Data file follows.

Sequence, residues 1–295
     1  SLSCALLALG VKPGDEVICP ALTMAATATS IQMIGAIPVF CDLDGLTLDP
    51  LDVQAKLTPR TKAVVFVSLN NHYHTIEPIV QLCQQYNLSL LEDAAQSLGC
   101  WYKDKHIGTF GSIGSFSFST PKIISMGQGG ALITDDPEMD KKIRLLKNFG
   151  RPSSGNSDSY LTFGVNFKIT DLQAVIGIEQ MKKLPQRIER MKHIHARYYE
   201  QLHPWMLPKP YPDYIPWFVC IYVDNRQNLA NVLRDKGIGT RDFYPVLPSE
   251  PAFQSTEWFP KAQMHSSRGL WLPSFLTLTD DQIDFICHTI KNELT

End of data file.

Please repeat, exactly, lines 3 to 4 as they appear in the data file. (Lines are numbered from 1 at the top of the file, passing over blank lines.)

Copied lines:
    51  LDVQAKLTPR TKAVVFVSLN NHYHTIEPIV QLCQQYNLSL LEDAAQSLGC
   101  WYKDKHIGTF GSIGSFSFST PKIISMGQGG ALITDDPEMD KKIRLLKNFG